Joel Quadracci says before the new normal, we have to navigate the new abnormal

Joel Quadracci
Joel Quadracci

Last updated on May 7th, 2020 at 04:53 pm

Sussex-based Quad/Graphics Inc. saw some print product line volumes decline by 30% in the second half of March and similar trends continued in April.

Marketing from brick and mortar retailers was hit particularly hard and even grocery inserts have been hit as stores don’t want to advertise products they cannot guarantee they will have in stock.

Joel Quadracci, chairman, president and chief executive officer of Quad, said Wednesday his conversations with clients do not suggest those volumes will come rushing back.

“Until you get to the new normal, we’re in this new abnormal where the economy is trying to open up, things are going to happen in fits and starts,” he said on the company’s earnings call.

Quad reported a 14.4% drop in net sales to $822.5 million for the first quarter, but did narrow its net loss from $22.5 million to $12.4 million, compared to a year ago. The company has also taken cost saving actions, including furloughs and wage cuts, that will save $250 million on an annualized basis. In an early April interview, Quadracci said it was important to act quickly even if it wasn’t clear how bad things might get.

Looking forward, Quadracci pointed to news that Kohl’s and Dick’s Sporting Goods are opening some stores as a good sign, but noted that even if a company were opening all of its stores there’s no guarantee marketing spending would immediately return to pre-coronavirus levels.

“That may be true with one but not the other,” he said, speaking generally.

Quadracci said part of what the company is hearing from clients is concern that the number of coronavirus cases could spike as the economy opens. Clients do not want to be accused of having contributed to a spike if they market themselves too aggressively, he said.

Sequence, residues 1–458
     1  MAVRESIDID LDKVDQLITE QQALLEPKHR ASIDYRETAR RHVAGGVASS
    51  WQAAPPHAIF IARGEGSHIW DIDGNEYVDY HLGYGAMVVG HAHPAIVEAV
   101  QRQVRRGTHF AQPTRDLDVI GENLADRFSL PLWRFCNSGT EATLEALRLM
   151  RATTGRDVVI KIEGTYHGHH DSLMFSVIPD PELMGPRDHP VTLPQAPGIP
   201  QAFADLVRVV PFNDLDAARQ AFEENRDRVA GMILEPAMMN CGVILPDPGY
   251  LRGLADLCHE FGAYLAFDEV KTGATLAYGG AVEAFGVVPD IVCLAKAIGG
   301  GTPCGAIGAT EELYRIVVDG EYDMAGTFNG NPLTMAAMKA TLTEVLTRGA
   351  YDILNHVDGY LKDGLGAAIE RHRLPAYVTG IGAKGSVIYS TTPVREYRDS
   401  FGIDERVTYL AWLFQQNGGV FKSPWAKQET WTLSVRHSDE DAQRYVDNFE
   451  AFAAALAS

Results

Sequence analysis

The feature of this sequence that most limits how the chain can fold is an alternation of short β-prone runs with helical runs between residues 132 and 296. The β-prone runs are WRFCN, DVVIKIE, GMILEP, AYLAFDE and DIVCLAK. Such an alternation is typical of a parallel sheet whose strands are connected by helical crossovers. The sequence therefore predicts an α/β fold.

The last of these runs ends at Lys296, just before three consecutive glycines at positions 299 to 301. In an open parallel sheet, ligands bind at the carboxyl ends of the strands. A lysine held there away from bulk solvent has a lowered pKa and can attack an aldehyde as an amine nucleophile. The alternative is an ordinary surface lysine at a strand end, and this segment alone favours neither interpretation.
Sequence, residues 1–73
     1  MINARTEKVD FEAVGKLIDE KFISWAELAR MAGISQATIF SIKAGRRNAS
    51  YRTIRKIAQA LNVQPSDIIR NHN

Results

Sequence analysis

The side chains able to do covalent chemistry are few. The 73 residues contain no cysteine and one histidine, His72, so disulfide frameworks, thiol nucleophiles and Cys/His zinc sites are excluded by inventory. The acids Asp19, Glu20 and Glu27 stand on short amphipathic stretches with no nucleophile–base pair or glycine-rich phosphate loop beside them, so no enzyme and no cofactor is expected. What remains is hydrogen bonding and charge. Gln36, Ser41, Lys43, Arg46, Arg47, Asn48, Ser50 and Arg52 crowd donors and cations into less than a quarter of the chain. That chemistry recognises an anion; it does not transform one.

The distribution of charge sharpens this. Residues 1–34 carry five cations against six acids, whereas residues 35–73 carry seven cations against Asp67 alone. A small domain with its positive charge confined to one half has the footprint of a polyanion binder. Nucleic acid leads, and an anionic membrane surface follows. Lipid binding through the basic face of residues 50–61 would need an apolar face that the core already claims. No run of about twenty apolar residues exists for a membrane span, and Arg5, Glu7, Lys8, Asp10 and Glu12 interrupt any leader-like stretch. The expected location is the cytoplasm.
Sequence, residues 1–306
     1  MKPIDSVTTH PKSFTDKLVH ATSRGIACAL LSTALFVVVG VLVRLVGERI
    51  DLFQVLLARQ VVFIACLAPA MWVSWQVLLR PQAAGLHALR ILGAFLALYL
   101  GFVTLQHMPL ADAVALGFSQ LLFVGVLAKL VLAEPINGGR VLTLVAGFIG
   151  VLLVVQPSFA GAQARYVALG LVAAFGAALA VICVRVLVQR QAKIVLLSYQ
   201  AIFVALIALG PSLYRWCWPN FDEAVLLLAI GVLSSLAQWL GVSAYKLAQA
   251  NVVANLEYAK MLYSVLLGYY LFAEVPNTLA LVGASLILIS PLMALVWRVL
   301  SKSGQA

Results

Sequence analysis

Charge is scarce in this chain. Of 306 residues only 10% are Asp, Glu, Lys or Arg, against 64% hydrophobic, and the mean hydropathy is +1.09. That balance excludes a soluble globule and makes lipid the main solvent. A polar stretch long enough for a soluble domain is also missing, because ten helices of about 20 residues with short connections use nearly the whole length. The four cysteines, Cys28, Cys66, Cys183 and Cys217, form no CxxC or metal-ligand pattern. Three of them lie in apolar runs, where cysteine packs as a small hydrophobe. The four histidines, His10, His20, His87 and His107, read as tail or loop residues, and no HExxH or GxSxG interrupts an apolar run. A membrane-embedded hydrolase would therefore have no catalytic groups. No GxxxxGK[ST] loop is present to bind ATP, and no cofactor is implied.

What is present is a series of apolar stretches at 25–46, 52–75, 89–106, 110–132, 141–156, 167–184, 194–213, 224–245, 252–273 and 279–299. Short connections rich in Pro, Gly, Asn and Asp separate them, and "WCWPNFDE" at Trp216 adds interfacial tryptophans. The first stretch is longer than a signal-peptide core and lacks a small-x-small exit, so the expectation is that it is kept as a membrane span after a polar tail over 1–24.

“As people get comfortable with how all the new safety procedures are being followed throughout the country, then you’ll start to feel like ‘OK, now we can get more visibility,’ but until then, it’s really tough to get visibility,” Quadracci said.

There have been some positives for Quad’s business during the coronavirus outbreak. The company generated around $5 million in additional revenue producing signage on shopper safety for retailers that are open and mailed 42 million postcards for the White House and CDC on social distancing guidelines.

Quad also innovated internally with its ink manufacturing division developing hand sanitizer and direct marketing group designing disposable, non-medical face masks. Those masks are now on their third design iteration and are being mass-produced on the company’s printing press equipment.

Quadracci said there is also an opportunity for the company to accelerate its transformation to a marketing services provider in addition to a printer.

“I think that now that people have sent so many people home to work from home, every business is reevaluating. When the economy opens up, it’s not about when we bring things back, it’s what do we bring back and almost more importantly, what do we decide not to bring back,” Quadracci said. “We see opportunity in terms of being that partner to take over execution and media planning for many different customers.”

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Arthur covers banking and finance and the economy at BizTimes while also leading special projects as an associate editor. He also spent five years covering manufacturing at BizTimes. He previously was managing editor at The Waukesha Freeman. He is a graduate of Carroll University and did graduate coursework at Marquette. A native of southeastern Wisconsin, he is also a nationally certified gymnastics judge and enjoys golf on the weekends.

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